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Extra ballots also supplied to constituencies won by PTI, commission told

May 15, 2015

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PML-N counsel tried to dispel a perception that ballot papers were printed in excess to the total voters only in Punjab.—INP/File
PML-N counsel tried to dispel a perception that ballot papers were printed in excess to the total voters only in Punjab.—INP/File

ISLAMABAD: Senior counsel Shahid Hamid tried to dispel a perception before the poll inquiry commission on Thursday that ballot papers were printed in excess to the total number of registered voters only in the constituencies in Punjab from where PML-N candidates had contested the 2013 general elections.

Representing the PML-N, Mr Hamid cited a number of constituencies in Punjab where the Pakistan Tehreek-i-Insaf fielded its candidates and won and where the ballot papers were printed in excess to the total number of voters.

The three-member inquiry commission headed by Chief Justice Nasir-ul-Mulk called more official witnesses — Managing Director of the Printing Corporation of Pakistan Press, Lahore, Mohammad Rafique; Managing Director of the PCPP, Islamabad, Moosa Raza Affandi; and Managing Director of the Postal Foundation Press, Islamabad, Ejaz Ahmed Minhas — for recording their statements on Friday.

Also read: No additional ballot papers printed after May 7

The witnesses were called after Mr Hamid, Salman Akram Raja, who was representing the Election Commission of Pakistan, and PTI counsel Abdul Hafeez Pirzada closed the cross-examination of former provincial election commissioner, Punjab, Mehboob Anwar.

Mr Anwar did not recall that the total number of registered voters in Punjab was over 49 million which was covered through 40,000 polling stations.

Reverting to the specific reference made by the PTI about the constituencies where PML-N candidates had won, Mr Hamid confronted Mr Anwar with a number of documents and asked him whether or not the total number of voters registered in NA-122 Lahore, from where National Assembly Speaker Ayaz Sadiq had contested elections, was 326,200 but the total number of ballot papers supplied was 326,228. Mr Anwar conceded the point but said he had no idea who had won the election.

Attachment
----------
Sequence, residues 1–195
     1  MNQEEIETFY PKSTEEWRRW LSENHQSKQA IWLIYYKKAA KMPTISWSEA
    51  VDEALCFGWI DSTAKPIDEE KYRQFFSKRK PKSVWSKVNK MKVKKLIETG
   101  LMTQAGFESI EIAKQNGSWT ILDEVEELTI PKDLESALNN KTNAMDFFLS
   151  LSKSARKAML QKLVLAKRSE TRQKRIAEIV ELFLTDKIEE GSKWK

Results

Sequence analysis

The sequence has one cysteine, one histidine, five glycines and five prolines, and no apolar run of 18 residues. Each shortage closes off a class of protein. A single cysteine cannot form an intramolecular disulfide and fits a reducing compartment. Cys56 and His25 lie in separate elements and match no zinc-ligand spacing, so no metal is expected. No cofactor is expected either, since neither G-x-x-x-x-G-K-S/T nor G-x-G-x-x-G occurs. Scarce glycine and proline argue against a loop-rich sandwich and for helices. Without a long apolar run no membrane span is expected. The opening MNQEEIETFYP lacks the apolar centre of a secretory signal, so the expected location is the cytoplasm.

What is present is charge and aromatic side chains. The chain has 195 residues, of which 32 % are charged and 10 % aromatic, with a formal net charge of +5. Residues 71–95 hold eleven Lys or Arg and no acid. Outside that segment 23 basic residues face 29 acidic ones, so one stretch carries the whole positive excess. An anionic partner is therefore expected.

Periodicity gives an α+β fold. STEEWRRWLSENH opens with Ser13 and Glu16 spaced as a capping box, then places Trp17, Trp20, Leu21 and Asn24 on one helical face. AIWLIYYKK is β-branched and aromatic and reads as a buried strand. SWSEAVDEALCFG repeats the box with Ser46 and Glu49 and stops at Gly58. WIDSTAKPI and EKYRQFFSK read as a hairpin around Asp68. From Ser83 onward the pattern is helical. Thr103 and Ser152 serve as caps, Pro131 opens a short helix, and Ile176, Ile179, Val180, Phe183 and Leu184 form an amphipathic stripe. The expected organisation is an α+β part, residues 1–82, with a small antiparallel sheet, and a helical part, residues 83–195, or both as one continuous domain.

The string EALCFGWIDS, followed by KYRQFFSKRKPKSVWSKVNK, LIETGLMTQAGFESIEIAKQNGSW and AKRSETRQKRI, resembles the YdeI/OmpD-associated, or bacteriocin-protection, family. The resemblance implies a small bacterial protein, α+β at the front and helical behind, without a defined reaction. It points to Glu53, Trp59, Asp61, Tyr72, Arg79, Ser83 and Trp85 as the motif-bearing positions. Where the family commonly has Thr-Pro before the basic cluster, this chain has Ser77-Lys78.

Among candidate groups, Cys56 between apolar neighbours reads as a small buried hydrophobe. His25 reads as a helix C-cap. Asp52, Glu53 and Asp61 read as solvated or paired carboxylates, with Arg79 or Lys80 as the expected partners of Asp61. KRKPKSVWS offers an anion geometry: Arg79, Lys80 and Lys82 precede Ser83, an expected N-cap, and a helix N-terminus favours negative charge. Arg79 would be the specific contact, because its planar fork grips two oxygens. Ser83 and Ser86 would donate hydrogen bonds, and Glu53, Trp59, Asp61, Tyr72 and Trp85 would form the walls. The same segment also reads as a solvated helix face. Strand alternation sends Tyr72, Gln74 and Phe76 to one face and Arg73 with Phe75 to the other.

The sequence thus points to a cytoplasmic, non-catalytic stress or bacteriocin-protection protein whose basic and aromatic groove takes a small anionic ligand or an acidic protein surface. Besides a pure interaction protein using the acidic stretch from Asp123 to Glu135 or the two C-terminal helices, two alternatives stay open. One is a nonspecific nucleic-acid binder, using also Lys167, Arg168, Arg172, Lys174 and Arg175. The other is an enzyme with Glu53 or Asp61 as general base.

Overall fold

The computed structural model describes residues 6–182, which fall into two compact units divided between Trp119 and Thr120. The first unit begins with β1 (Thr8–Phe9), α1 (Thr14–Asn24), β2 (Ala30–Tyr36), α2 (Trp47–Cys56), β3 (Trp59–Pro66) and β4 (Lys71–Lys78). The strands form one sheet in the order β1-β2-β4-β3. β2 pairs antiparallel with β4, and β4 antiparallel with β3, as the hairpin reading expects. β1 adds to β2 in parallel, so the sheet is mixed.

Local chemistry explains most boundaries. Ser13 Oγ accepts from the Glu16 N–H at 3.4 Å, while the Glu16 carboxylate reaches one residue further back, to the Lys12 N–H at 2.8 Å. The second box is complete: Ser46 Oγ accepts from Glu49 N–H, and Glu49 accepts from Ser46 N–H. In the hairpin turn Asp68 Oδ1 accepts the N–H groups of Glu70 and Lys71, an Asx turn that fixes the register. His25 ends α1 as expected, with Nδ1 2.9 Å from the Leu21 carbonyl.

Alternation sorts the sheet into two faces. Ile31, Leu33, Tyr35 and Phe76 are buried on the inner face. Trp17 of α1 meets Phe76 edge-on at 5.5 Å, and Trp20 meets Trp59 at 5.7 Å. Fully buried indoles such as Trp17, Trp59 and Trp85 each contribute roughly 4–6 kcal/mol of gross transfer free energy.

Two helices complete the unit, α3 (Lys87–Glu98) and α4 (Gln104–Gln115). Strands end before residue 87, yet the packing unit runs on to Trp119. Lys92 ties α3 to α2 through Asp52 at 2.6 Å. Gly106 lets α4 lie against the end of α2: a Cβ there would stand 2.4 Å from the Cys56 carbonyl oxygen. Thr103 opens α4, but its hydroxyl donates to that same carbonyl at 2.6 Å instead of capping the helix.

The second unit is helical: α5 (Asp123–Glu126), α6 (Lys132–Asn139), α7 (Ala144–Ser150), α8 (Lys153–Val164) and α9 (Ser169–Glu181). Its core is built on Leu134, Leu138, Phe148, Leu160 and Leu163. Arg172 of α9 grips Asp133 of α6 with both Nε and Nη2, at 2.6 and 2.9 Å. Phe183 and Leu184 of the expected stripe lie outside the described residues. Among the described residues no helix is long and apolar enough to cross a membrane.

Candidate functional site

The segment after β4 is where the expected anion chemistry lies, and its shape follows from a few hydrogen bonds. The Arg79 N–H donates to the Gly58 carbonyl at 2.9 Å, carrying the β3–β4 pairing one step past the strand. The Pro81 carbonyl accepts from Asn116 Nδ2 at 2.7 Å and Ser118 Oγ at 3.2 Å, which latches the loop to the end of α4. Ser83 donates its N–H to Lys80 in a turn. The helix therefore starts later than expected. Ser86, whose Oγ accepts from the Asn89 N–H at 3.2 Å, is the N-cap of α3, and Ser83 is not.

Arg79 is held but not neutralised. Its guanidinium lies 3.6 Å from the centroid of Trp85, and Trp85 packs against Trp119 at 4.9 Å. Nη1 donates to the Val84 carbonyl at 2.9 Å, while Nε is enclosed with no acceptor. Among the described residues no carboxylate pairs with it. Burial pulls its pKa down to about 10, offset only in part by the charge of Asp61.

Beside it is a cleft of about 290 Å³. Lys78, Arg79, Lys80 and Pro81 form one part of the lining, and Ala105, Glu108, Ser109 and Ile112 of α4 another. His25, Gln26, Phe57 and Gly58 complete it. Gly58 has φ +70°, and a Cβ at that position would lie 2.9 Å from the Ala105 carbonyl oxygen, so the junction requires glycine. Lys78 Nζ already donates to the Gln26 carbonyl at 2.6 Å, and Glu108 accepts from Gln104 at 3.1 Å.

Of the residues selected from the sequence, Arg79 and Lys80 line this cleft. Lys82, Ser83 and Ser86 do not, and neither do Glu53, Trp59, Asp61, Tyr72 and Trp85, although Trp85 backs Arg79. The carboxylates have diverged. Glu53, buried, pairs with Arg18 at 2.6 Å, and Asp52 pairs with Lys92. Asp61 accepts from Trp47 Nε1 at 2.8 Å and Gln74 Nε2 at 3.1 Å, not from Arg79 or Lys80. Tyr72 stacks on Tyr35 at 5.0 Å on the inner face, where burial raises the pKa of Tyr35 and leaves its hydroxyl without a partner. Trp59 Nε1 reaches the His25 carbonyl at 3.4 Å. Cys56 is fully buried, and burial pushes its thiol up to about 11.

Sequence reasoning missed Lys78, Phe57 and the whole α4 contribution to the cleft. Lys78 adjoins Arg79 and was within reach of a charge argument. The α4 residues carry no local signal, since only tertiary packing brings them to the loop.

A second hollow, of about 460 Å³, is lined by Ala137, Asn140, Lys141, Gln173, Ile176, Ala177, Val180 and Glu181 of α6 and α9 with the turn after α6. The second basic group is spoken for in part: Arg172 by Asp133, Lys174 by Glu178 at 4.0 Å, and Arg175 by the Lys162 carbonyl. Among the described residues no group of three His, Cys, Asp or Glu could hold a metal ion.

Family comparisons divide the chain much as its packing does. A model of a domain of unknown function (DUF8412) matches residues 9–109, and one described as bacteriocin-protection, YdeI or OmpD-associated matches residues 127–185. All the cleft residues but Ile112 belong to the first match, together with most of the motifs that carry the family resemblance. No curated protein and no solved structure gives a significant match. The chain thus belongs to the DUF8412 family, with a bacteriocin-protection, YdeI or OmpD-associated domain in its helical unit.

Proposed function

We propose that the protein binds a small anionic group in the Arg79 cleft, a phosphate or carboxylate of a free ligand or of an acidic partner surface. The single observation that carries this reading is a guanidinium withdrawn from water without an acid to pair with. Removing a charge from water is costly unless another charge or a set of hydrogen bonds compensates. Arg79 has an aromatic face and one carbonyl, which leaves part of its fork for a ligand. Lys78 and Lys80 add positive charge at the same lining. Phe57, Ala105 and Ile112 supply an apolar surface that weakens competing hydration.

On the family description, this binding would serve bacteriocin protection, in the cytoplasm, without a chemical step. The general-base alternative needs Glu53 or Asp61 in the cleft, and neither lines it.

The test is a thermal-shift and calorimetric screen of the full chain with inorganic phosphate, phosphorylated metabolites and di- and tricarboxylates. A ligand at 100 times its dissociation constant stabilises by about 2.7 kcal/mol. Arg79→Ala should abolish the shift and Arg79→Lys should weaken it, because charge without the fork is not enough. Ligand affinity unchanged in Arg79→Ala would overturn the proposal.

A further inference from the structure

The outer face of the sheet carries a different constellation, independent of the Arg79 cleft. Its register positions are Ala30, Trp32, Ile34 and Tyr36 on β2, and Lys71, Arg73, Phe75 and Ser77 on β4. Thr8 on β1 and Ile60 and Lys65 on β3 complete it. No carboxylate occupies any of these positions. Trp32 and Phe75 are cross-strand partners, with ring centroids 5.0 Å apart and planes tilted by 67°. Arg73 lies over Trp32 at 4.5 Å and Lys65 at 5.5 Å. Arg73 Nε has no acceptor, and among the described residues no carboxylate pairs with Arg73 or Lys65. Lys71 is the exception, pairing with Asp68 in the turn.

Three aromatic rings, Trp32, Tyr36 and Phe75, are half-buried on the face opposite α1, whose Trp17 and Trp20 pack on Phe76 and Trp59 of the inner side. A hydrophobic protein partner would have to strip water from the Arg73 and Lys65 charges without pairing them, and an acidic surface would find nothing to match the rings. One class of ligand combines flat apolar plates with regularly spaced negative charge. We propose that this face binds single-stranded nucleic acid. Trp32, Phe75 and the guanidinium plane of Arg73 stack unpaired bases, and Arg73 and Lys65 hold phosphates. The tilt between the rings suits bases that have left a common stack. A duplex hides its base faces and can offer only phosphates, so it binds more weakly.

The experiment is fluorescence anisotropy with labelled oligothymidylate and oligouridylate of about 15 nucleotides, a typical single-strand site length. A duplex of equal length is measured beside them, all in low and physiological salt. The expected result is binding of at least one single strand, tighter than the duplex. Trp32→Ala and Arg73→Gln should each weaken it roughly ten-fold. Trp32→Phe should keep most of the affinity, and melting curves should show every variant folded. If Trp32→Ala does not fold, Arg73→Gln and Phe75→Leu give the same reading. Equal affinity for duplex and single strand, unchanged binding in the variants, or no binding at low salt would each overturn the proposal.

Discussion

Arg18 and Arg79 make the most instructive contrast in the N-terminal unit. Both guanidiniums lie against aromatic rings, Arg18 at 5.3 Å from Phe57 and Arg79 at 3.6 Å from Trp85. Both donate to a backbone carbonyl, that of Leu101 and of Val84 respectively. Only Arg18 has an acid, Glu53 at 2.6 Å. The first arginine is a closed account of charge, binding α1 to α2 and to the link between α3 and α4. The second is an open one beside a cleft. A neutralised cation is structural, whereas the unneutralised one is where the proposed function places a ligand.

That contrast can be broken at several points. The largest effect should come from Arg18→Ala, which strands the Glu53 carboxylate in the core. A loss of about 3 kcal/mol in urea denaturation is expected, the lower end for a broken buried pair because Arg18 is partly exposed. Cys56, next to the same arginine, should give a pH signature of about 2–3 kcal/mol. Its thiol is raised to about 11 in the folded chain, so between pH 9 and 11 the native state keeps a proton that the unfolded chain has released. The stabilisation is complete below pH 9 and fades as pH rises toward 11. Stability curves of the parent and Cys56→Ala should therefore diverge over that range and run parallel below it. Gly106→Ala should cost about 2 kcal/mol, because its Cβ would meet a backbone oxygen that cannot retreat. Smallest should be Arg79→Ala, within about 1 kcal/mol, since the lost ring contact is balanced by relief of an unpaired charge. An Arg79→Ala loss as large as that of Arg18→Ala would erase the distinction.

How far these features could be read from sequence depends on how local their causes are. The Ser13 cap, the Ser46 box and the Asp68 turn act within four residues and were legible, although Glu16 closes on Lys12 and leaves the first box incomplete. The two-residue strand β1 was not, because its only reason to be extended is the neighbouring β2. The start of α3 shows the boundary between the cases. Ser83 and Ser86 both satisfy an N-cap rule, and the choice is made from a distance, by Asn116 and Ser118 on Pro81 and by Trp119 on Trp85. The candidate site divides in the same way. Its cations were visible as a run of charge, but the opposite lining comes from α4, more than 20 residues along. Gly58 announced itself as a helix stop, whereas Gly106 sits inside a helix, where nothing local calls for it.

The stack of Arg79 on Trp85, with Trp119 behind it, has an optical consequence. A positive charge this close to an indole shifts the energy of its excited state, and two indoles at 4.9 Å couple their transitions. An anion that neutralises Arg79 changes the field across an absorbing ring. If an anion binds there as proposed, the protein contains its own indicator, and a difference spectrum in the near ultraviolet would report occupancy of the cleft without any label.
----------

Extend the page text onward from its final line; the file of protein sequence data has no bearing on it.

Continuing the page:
Similarly, the total number of voters registered in NA-53 Rawalpindi was 382,115 while the number of ballot papers supplied was 454,000. Ghulam Sarwar of the PTI won in the constituency.

In NA-150 Multan, where PTI’s Shah Mehmood Qureshi won, the number of registered voters was 373,331 whereas the total number of ballot papers supplied was 400,000.

The NA-48 Islamabad constituency, where PTI’s Asad Umar was declared a winner, had 294,193 registered voters against 320,300 ballot papers supplied.

The NA-34 Lower Dir constituency, where Jamaat-i-Islami leader Sahibzada Mohammad Yaqoob won, had 504,091 registered voters while the number of ballot papers provided was 588,600.

The NA-72 Mianwali constituency, where PTI’s Amjad Ali Khan won, had 371,374 voters and 402,100 ballot papers were supplied there.

Mr Anwar admitted that the requirements by district returning officers and returning officers for printing of ballot papers started coming to his office after April 19, 2013.

He conceded that his office had written four letters addressed to different mangers of the printing presses on April 21 and an equal number to the same addressees on April 26. The earlier letters did not mention demands of ballot papers by returning officers but the April 26 letter did refer to specific requirements of ballot papers.

Mr Anwar said he had no idea that initially in NA-154 Lodhran, where Jehangir Tarin of the PTI contested but lost to PML-N’s Mohammad Siddiq Khan, 400,600 ballot papers were printed when the revised requirement under the April 26 letter was 385,000 ballot papers. But by the time the letter was received by the press concerned, it had already printed 400,600 ballot papers.

During the proceedings, the commission repeatedly asked the counsel not to confront the witness with documents issued by the ECP and observed that he should focus on the case without having the media in the mind. “We are recording the evidence and no point has been made so far,” the chief justice observed, adding that the counsel should not make a point, rather ask questions.

Mr Anwar said the delay in printing of ballot papers in some constituencies was because of stay orders granted by courts.

Mr Pirzada also asked Mr Anwar whether or not Interior Minister Chaudhry Nisar Ali Khan had lost the election to PTI’s Ghulam Sarwar in NA-53 Rawalpindi.

Published in Dawn, May 15th, 2015

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